Monthly Archives: December 2009

3 years later

I repeat my tweet today from Tahoe:

“I FINISHED the 1st draft of my novel–and on the 3rd anniversary of my stroke that left me unable 2 write fiction for a year, no less. :)”

It feels very bizarre to be done with my novel first draft, but in a good way.  Now, on to revision (and revision and revision)!


Filed under The Novel

Balancing Act from Writerland

In the news I read that fewer people are having babies these days thus ending a baby boom, even though I greet that news with great disbelief. This year and last year was full of newborn babies in my life, and friends celebrating motherhood for the first and in many cases, the second time (and third!) time. Along with the baby announcements have been tweets and blog posts about their struggles to balance writing with their new children.

There was one blog to which a friend pointed me that actually advised mothers to prioritize their writing to an extreme: the writer said one should NOT go to their children’s activities, and work on their manuscript instead.  My friend (a new mother) and I whispered (if one can whisper on twitter) that just seemed a bit extreme.  (The writer also suggested other extreme items, which I have blocked out from memory, they were harsh enough for me to wonder why it was the writer had children in the first place–children are not pets that can be crated, people!).  But that still begs the question–how to do it? How to balance writing with children?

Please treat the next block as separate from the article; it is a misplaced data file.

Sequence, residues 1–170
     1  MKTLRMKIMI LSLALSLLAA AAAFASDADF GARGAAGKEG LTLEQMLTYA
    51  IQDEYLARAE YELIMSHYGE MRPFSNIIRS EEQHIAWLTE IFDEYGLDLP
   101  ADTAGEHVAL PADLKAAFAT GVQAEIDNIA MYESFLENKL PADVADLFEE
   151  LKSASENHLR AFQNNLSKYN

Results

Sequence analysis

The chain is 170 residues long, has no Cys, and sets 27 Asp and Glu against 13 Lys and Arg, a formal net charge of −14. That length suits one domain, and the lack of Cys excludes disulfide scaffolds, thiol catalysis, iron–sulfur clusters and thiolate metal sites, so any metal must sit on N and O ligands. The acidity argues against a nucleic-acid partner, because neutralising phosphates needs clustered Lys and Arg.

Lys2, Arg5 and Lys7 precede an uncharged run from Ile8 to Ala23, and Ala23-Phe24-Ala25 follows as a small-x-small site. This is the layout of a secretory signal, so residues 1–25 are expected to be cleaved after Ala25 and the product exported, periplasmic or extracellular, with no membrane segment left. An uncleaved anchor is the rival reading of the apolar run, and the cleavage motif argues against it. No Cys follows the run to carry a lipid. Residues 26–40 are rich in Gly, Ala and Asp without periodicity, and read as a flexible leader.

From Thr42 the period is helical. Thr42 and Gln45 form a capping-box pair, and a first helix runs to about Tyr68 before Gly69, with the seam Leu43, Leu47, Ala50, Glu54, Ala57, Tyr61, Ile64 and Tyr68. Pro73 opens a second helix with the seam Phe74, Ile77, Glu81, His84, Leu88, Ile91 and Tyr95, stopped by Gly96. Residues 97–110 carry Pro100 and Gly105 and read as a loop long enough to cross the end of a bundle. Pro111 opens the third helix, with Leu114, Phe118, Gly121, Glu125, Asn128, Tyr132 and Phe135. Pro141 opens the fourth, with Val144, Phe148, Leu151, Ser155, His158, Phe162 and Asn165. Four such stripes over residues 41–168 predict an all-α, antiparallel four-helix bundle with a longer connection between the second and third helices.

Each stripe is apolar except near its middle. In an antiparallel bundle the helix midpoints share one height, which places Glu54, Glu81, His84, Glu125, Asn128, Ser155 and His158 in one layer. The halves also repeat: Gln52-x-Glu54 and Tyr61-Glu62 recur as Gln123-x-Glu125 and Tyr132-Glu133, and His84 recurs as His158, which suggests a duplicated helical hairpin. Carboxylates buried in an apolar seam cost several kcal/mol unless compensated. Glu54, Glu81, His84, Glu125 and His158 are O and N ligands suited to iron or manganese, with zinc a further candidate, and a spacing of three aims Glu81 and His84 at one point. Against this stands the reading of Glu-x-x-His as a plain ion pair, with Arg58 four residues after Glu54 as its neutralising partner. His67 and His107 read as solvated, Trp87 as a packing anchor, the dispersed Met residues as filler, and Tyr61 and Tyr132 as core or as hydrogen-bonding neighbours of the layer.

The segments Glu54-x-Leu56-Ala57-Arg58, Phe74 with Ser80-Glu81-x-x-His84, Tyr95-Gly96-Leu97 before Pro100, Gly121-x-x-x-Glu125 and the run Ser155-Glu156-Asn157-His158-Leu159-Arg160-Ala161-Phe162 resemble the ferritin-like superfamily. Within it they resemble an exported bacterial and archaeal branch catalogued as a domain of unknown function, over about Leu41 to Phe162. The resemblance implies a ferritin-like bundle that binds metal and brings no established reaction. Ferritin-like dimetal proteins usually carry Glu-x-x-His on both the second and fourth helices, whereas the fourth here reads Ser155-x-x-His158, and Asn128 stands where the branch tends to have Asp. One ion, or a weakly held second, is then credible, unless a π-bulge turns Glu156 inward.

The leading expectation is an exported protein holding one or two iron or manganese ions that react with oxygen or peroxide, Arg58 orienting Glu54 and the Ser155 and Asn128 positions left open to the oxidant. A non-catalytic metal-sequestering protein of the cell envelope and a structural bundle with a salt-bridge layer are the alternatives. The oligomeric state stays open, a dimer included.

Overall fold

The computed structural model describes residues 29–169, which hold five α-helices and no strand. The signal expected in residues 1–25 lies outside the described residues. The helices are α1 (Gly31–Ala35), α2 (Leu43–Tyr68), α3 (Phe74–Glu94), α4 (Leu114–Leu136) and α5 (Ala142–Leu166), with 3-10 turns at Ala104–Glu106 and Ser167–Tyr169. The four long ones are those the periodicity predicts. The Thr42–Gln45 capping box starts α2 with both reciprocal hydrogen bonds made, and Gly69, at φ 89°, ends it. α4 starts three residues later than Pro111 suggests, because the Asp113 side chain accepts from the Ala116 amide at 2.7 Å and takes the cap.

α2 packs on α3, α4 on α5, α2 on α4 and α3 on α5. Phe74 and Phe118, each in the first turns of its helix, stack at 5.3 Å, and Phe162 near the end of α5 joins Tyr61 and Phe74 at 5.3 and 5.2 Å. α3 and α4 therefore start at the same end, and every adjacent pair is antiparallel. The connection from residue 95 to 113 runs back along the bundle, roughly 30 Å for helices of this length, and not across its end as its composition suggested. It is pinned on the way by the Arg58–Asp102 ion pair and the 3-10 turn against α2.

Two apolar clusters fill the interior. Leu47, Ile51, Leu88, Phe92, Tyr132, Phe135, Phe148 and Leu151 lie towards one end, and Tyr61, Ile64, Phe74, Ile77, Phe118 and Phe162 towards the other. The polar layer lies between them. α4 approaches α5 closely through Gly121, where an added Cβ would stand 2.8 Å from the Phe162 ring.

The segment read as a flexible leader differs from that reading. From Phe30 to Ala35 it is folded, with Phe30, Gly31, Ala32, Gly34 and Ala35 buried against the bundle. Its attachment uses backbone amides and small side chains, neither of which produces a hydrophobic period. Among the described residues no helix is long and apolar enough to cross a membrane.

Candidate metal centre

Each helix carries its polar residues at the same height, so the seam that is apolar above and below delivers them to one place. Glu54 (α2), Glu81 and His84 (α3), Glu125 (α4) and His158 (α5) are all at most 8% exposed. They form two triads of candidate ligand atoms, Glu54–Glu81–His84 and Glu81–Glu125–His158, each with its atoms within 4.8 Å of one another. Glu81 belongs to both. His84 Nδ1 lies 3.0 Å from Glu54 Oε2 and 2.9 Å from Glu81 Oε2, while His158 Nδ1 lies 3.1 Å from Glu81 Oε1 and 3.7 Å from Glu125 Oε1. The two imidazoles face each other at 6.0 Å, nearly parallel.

I asked my friend Meghan who blogs at Writerland, that very question…and she has graciously obliged me with a guest blog post:

People ask me whether I have time to write with two kids—one who just turned two and the other only three months. The answer is, “Yes, but …” Yes, but only while someone else is taking care of them (i.e. I’m paying someone else to take care of them) or after they go to bed. I’m fortunate this time around because my newborn is already sleeping through the night. So after 8 p.m. I’m “free.” Free to eat dinner, wash the dishes, fold the laundry, pay my bills, check my e-mail, catch up on editing, etc. etc. etc.